Male Sprague–Dawley Rats (280–320g) obtained from the SLAC Laboratory Animal Co. Ltd (Shanghai, China) were fed on standard pellet chow and water. Animals were kept at 25°C, 50–60% humidity and a 12 h light/dark cycle prior to the experiments. Only water was given to the rats 12 h prior to experiments.
For IR model, rats were starved for 12 h prior to the surgical procedure. After anesthetization, carotid arteries of the rats were explored by performing merely neck incisions. For sham-operated group, the incisions were left open for 30 min and then closed. For IR group, bilateral femoral veins and arteries were opened by a cannula (no: 24; Datex/Ohmeda S/5, Helsinki-Finland) through inguinal incision. At day 1, both vertebral arteries were electrocauterized at the level of the first cervical vertebra within the alar foramina. After the closure of incision, the rats were wakened. At the second day (24 h later), the rats were anesthetized, after which CCA were bilaterally occluded with aneurysm clips for 30 min followed by 30 min of reperfusion. Rat brains were sampled after these treatments.
The rats were randomly assigned into 3 groups: sham group (n = 20), subjected to the neck incisions which were left open for 30 min and then closed; IR-HC group (n = 20), rats were infused with 107 donor null-transduced hematopoietic cells (HC) 3 days before IR, and then subjected to IR procedure; IR+HC-HIF-1a group (n = 20), rats were infused with 107 donor HIF-1a-transduced HCs 3 days before IR, and then subjected to IR procedure.
Rat HCs were isolated from isogeneic rats, as described . The isolated HCs were transduced with lentivirus carrying either null (as a control) or recombinant HIF-1a under a CMV promoter (Origene, Shanghai, China). For HC reinfusion, 107 donor null/HIF-1a-transduced HCs were given to the receipt rats via tail vein 3 days before IR.
HCN-1A is a human cortical neuron cell line, and was purchased from ATCC (ATCC, Rockville, MD, USA), and were cultured in Dulbecco's Modified Eagle's Medium (DMEM) supplemented with 20% fetal bovine serum (Invitrogen, Carlsbad, CA, USA) in a humidified chamber with 5% CO2 at 37°C. For generation of ischemic-like conditions by oxygen-glucose deprivation and reperfusion (OGDR) in vitro, cultures were placed in a hypoxia chamber containing an atmosphere of less than 0.2% O2, 5% CO2, 95% N2, >90% humidity, at 37°C. Within the chamber, the medium was removed and replaced with deoxygenated glucose-free Hanks’ Balanced Salt Solution (Invitrogen) for 2 hours, after which the cells were returned to normal culture conditions for 24 hours before analysis. Cells that were not exposed to OGDR condition were used as controls.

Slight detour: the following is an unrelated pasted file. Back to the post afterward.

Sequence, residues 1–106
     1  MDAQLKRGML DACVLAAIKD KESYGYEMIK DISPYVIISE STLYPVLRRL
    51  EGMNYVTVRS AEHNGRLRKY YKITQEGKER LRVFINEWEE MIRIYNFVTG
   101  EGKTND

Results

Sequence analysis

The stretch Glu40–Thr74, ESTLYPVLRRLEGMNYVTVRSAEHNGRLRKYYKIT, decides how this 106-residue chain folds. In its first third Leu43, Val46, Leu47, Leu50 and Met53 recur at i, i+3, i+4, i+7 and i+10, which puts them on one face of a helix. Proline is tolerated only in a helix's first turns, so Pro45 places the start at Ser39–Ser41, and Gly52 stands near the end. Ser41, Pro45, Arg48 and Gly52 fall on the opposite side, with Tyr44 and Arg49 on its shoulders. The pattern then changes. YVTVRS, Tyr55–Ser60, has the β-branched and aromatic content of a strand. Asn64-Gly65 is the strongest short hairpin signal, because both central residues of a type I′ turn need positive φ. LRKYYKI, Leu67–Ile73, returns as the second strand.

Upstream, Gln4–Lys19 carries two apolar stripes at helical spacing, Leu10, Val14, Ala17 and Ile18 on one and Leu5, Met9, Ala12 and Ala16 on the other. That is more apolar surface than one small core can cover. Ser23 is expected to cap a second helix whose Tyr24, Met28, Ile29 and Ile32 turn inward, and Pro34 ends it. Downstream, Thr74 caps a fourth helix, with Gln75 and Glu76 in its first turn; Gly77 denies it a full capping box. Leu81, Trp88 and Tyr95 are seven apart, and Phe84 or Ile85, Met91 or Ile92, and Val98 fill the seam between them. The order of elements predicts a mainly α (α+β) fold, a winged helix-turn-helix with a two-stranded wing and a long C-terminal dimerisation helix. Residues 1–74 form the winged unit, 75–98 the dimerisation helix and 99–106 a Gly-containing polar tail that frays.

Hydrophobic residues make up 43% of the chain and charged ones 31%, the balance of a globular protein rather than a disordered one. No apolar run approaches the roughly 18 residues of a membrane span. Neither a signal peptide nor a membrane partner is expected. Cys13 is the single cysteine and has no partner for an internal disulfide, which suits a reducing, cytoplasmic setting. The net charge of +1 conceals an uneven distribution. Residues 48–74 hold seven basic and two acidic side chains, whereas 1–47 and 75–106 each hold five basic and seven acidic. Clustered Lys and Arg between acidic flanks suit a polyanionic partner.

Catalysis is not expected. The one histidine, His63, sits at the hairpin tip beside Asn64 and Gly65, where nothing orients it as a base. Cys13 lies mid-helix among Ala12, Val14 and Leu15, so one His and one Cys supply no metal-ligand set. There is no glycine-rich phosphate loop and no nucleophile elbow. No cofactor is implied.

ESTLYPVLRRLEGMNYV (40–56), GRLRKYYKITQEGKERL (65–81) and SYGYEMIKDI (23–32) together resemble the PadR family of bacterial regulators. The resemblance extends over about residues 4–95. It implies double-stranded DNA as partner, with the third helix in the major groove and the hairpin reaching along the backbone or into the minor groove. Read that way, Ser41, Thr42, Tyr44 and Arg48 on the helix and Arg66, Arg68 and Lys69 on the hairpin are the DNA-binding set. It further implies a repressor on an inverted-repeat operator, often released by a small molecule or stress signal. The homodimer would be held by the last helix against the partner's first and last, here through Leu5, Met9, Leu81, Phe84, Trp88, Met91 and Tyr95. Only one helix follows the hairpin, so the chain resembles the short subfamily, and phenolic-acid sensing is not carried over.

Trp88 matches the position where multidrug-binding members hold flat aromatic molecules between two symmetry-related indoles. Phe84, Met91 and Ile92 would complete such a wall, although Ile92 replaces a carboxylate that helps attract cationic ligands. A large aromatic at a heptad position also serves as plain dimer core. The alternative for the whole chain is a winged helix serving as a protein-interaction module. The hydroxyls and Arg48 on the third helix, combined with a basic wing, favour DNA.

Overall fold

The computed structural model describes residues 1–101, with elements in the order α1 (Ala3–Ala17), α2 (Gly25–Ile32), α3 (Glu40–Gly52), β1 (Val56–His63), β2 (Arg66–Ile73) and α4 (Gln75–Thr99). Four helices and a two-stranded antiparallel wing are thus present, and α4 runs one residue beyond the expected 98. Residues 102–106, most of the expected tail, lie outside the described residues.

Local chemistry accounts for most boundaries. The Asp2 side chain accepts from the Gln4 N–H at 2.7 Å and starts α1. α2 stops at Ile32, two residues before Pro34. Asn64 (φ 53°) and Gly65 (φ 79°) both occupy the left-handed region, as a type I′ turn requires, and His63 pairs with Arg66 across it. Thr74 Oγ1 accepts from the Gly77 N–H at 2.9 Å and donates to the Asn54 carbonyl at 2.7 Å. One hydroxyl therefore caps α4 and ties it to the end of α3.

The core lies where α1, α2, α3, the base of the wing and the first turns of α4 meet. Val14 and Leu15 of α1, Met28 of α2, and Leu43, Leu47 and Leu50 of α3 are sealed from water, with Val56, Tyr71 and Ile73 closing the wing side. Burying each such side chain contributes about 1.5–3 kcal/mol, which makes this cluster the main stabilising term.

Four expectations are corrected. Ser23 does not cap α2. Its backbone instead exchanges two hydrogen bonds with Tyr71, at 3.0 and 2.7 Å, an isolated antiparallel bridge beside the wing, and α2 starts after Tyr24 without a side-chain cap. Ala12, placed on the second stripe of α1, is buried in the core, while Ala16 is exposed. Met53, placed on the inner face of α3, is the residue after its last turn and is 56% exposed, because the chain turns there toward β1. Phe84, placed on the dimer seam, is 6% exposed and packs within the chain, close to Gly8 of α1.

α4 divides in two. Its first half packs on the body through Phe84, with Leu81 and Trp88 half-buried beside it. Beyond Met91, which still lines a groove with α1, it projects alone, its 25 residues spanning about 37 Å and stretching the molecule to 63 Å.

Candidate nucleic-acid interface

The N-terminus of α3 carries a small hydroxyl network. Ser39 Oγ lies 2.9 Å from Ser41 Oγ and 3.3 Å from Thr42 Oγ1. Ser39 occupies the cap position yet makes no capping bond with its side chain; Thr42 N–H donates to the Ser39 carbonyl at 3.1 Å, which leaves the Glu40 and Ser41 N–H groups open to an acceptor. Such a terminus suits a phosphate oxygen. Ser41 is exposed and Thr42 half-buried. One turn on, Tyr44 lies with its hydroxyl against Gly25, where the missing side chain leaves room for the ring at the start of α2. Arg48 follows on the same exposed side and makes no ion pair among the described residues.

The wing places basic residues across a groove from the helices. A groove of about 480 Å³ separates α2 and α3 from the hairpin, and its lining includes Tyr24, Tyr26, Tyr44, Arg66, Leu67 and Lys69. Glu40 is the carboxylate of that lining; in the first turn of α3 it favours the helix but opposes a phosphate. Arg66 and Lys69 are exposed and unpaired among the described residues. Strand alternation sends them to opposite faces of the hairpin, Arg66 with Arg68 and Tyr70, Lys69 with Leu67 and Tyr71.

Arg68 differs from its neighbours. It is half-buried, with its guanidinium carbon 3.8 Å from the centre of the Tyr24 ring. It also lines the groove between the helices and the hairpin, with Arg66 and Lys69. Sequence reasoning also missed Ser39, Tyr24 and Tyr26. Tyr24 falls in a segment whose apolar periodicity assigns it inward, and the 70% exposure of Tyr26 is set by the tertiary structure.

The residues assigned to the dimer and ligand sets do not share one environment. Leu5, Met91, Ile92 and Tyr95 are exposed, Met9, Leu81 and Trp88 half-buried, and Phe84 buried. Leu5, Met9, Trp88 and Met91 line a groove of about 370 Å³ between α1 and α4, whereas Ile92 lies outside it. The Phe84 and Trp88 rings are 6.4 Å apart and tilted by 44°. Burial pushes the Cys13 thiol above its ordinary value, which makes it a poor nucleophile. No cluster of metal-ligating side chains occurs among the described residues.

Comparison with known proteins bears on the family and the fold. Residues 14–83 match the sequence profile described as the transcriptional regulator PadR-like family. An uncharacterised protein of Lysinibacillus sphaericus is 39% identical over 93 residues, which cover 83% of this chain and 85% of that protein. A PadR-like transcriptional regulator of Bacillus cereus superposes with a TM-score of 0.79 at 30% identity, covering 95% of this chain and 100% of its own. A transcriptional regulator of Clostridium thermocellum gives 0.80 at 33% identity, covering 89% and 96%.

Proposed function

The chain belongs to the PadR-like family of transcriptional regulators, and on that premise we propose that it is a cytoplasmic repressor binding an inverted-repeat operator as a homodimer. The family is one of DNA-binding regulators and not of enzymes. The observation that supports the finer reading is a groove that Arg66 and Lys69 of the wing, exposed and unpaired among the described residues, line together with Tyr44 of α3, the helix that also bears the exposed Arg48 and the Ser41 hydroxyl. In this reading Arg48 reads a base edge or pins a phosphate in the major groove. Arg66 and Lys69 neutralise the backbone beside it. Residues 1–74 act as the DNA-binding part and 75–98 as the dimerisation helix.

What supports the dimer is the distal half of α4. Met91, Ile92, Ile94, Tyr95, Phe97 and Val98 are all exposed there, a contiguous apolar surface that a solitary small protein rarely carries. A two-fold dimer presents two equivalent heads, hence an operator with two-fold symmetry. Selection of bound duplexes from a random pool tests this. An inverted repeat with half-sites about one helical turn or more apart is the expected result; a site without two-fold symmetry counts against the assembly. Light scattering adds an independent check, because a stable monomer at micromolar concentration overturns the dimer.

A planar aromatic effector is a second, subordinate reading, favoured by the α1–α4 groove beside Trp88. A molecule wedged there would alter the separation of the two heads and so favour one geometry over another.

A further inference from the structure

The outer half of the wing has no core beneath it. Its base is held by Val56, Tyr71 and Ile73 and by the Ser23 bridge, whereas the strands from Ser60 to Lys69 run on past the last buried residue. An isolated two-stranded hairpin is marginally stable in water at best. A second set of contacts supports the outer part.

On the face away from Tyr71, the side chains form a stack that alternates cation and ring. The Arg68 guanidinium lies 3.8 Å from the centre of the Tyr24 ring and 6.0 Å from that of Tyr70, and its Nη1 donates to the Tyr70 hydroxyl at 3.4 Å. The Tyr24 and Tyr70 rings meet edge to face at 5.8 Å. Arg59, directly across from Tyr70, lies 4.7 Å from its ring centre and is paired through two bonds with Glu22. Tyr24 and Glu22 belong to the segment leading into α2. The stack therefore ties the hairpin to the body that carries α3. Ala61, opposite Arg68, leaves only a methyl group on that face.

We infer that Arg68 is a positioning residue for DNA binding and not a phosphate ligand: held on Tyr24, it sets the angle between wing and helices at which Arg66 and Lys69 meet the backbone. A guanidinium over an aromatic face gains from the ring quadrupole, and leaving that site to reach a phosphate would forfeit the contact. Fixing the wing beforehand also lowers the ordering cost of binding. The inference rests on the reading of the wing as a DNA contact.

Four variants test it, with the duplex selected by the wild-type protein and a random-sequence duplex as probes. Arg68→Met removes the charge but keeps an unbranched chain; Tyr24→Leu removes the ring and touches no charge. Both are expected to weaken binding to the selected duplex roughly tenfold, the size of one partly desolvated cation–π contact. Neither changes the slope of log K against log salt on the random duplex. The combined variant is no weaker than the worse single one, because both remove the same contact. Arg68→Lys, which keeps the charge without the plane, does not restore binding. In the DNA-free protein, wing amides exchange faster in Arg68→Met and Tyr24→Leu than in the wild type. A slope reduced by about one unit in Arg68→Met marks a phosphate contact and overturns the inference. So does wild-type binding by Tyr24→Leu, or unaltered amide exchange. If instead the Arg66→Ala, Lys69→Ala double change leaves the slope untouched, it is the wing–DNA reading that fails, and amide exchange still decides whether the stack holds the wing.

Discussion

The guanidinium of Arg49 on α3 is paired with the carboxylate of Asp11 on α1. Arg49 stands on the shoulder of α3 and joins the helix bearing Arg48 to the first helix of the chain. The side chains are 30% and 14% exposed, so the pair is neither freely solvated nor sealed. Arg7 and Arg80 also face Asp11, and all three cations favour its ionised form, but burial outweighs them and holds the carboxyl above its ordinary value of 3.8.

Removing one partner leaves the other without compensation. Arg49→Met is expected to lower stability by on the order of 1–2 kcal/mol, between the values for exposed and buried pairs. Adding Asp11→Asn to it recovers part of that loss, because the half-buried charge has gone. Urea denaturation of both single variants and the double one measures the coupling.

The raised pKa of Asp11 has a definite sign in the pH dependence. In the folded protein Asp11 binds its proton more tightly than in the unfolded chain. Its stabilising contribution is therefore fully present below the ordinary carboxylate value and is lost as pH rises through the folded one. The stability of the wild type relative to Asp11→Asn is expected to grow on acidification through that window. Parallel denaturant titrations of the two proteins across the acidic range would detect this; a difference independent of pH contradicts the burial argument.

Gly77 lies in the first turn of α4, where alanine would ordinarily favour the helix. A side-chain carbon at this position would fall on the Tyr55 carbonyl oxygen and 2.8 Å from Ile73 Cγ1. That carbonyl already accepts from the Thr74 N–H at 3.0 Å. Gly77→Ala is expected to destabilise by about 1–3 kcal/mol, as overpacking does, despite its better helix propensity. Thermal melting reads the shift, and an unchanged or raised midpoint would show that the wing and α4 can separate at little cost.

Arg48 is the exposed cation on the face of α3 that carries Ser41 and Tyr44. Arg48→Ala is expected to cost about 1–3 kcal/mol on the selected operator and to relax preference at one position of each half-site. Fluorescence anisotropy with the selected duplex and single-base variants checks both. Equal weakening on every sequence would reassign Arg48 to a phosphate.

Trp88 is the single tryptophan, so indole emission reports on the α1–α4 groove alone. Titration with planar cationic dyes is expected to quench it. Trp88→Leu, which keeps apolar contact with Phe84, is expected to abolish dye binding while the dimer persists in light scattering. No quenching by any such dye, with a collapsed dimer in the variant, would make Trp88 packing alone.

For induction of HIF-1a in HCN-1A cells, HIF-1a was expressed under a CMV promoter in a plasmid to be used to transfect the cells. Constructs for HIF-1a and short hairpin small interfering RNA for BNIP3 and NIX (shBNIP3 and shNIX) were all obtained from Origene. A plasmid carrying a scrambled sequence (scr) was used as a control for transfection. These constructs were generated and cloned into the TOPO plasmid (Invitrogen). The plasmids were transfected into cells at a concentration of 50 nmol/l using Lipofectamine-2000 (Invitrogen), receiving a nearly 100% transfection efficiency.
For analysis of cell apoptosis, the cultured cells were re-suspended at a density of 106 cells/ml in PBS. After double staining with FITC-Annexin V and propidium iodide (PI) from a FITC Annexin V Apoptosis Detection Kit I (Becton-Dickinson Biosciences, San Jose, CA, USA), cells were analyzed using FACScan flow cytometer (Becton-Dickinson Biosciences) equipped with Cell Quest software (Becton-Dickinson Biosciences) for determination of Annexin V+ PI- apoptotic cells.
Routine paraffin embedding and sectioning (into 5μm-thick slice) of the dissected rat brains were performed. Hematoxylin and eosin (H&E) staining was performed, after which the histopathological scoring (HPS) of the hippocampus was carried out by a pathologist who is unaware of the groups as follows: grade 0, no damage to any hippocampal subregion; grade 1, scattered ischemic neurons in the CA1 subregion; grade 2, moderate ischemic damage; grade 3, whole pyramidal cell damage in the CA1 subregion; and grade 4, extensive cell damage in all hippocampal regions.
The neurological functions were evaluated on the basis of Modified Garcia Scale that has been previously described . The mean of neurologic score was evaluated by two blinded observers independently.